Soul food gets spicier with the return of ‘Welcome to Sweetie Pie’s

theGRIO REPORT - Cooking soul food never gets old for Miss Robbie and her son Tim Norman, nor does the drama of owning a restaurant when 'Welcome to Sweetie Pie’s returns to television tonight...

Luther Vandross was outed as gay after his death.

Cooking soul food never gets old for Miss Robbie and her son Tim Norman, nor does the drama of owning a restaurant.

The fourth season of the reality series premiered on the Oprah Winfrey Network (OWN) Saturday night, and revealed that this time, it’s all about setting a game plan, mending broken relationships, and keeping those mother-son tiffs in check.

Fresh off filming, the duo came to Los Angeles last week to do press for the new chapter, and of course, made sure Miss Robbie got her fill of meats while in town.

“I was driving us around L.A. in this Escalade getting lost,” Norman tells theGrio about the previous night. “Our friend offered to take over, and I dozed off.”

“I woke up, and I’m not gonna say we were in the hood, but I don’t know if this was one of the best neighborhoods,” he recalls. “It’s turning dark, and I see people and their shopping carts and guys with squeegees trying to clean the windows, like where the hell are we at?”

Turing to Miss Robbie, he rolls his eyes, “She’s out there standing in line at a cart trying to get a pastrami sandwich.”

“I was right at home,” Miss Robbie replies. “No problem. Wasn’t scared. Nothing.”

Cheers meets The Cosby Show

While the feisty head of household spent decades in the City of Angels as a backup singer for Ike and Tina Turner, Miss Robbie now calls St. Louis, Missouri home.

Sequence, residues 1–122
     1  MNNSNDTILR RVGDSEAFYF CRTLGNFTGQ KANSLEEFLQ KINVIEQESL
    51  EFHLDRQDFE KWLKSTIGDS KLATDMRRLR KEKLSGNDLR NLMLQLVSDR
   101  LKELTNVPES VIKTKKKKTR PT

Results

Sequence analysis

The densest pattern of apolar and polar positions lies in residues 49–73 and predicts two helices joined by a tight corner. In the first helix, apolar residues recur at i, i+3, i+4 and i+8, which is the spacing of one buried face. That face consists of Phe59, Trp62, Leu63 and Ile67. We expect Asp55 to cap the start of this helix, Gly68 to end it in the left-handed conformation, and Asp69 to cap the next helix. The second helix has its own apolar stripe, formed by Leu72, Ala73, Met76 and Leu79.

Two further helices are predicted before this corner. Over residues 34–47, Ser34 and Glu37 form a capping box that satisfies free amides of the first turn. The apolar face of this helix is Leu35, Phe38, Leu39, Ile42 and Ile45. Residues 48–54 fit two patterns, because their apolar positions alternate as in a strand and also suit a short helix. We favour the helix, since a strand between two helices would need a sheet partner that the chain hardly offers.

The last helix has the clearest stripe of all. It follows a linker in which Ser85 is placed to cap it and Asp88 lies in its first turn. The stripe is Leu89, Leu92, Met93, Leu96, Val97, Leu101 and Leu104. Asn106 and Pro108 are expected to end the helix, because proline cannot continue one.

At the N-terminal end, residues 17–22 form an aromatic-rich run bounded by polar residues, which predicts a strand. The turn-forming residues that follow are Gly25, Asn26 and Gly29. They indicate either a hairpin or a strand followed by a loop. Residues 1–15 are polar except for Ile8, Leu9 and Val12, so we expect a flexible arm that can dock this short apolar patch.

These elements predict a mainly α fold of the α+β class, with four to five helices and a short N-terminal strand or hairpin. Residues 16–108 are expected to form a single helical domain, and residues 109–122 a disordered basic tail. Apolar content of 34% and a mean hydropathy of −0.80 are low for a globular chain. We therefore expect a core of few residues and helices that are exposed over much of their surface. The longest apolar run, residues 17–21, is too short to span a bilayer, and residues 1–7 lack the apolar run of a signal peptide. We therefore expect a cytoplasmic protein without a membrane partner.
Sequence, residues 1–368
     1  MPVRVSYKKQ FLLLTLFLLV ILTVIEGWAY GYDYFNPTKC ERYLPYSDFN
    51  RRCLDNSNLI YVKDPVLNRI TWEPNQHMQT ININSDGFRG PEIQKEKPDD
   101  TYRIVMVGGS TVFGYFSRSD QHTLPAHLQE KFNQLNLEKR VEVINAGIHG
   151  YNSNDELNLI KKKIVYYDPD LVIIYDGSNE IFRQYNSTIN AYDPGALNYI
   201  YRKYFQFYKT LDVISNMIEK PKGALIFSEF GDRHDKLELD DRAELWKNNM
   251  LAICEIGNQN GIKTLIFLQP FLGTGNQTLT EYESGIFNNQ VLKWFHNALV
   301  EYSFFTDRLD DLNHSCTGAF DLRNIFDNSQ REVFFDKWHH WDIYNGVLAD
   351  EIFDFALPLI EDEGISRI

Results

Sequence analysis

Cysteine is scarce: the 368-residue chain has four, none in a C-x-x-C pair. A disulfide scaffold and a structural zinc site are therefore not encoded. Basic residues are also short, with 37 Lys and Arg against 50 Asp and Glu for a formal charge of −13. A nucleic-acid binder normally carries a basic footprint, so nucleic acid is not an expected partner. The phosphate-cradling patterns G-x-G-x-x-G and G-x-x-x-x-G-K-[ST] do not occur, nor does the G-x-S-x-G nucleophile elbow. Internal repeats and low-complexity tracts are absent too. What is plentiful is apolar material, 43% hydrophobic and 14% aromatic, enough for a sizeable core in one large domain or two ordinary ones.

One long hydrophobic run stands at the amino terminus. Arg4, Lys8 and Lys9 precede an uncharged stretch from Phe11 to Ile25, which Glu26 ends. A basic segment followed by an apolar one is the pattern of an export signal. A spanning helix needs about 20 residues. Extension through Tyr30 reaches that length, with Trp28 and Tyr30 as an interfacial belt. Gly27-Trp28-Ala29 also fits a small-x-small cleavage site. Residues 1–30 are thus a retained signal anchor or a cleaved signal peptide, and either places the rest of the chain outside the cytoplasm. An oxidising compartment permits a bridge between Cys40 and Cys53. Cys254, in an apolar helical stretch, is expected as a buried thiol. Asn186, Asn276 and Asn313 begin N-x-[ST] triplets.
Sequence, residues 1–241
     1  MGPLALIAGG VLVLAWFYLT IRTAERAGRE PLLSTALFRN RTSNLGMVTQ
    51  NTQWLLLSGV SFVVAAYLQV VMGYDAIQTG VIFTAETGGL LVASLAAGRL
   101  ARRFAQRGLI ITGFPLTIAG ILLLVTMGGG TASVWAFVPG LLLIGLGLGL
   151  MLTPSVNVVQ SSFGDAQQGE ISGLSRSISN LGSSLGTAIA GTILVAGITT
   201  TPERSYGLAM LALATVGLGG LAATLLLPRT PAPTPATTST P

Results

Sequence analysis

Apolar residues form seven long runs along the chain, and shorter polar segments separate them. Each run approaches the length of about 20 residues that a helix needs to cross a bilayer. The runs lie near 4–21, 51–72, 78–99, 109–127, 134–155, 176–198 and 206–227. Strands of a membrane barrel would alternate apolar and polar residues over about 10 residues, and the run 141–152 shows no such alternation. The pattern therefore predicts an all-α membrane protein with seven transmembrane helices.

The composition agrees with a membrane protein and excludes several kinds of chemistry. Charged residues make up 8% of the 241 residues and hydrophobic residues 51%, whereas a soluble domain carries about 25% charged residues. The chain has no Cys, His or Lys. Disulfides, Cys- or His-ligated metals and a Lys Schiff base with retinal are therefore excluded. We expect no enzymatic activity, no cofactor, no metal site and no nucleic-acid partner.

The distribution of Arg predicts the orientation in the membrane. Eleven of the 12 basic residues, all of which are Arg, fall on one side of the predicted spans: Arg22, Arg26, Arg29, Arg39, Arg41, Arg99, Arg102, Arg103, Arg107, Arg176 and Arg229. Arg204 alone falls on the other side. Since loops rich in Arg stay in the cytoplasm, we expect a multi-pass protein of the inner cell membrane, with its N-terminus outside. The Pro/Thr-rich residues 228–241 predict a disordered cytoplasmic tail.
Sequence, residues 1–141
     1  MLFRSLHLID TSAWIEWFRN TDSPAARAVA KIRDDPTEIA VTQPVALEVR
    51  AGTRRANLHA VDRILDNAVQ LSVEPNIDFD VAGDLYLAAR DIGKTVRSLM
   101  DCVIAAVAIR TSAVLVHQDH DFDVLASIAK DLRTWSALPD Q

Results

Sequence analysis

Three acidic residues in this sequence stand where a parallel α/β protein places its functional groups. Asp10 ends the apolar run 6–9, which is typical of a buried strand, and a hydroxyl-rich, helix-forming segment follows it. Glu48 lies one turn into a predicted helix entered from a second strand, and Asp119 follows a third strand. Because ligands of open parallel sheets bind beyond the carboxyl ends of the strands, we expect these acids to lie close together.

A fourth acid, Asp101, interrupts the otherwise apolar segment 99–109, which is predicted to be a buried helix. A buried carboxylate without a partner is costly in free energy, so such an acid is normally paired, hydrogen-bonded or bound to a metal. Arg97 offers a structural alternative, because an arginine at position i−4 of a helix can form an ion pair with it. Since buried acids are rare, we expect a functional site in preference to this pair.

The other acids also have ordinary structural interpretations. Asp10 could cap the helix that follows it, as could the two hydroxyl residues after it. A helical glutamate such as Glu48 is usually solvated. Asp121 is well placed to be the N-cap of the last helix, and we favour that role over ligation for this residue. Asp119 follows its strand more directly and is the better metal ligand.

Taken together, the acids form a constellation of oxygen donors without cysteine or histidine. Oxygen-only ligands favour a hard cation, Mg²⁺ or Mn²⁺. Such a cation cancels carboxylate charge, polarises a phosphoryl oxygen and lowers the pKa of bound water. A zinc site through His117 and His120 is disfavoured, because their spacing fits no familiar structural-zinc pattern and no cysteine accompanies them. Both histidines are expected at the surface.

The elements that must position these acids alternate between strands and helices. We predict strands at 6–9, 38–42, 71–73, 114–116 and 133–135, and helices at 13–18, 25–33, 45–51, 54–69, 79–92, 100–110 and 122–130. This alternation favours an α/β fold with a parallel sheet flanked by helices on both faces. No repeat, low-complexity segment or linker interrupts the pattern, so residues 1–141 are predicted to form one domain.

It’s a place where she and Norman have spent the last 15 years building their restaurant Sweetie Pie’s from the ground.

Established in 1998, Sweetie Pie’s opened as a home-cooked, home grown soul food bistro with a cafeteria-style setting. It has since expanded to three branches around the city, and became a backdrop for the OWN docuseries in 2011.

According to Miss Robbie, going Hollywood was all her son’s idea, and Norman takes credit.

“It’s a combination of Cheers and The Cosby Show because of the atmosphere we have; the customers that come in every day just to sit and hang out, interact with waiters, and watch me and Ma argue,” Norman explains.

After three seasons on air, the two say business for their restaurant has tripled, and meanwhile, everybody trying to get on TV has either stopped by to eat or apply for a job.

In order to get hired at Sweetie Pie’s, nevertheless, you must know how to work the stove. Even a degree doesn’t help.

“Soul food is cooked to taste,” Miss Robbie points out. “You can’t just open up a bag of green beans and put them out there…I find that, with people who have been to culinary school, it’s a different ball game. They have been taught to do a whole other kind of preparation.”

A door sadly closes

Though the venture has proven fruitful, mother and son face the decision of whether or not to close their first chain when season four of the show begins.

A sentimental landmark, the prototype restaurant shows signs of age and dilapidation, and has become too much for Miss Robbie – whom Norman dubs a “control freak” – to maintain.

“She wants to be able to have her hands on everything,” he observes. “It’s hard for us to be at all the different places at one time. We’re not a chain. We don’t know the process that most chains use. We’re not trying to operate like that.”

Even with the cameras rolling, the two feel little has changed since they became reality TV stars, though Norman says he’s become self-conscious about his attire.

Miss Robbie claims the show hides very little about the way they do business, but admits to screening her words on occasion.

But only on occasion.

“Now you can’t sweep the dirt under the table because the camera’s looking,” she jokes. “You got to clean it up for real.”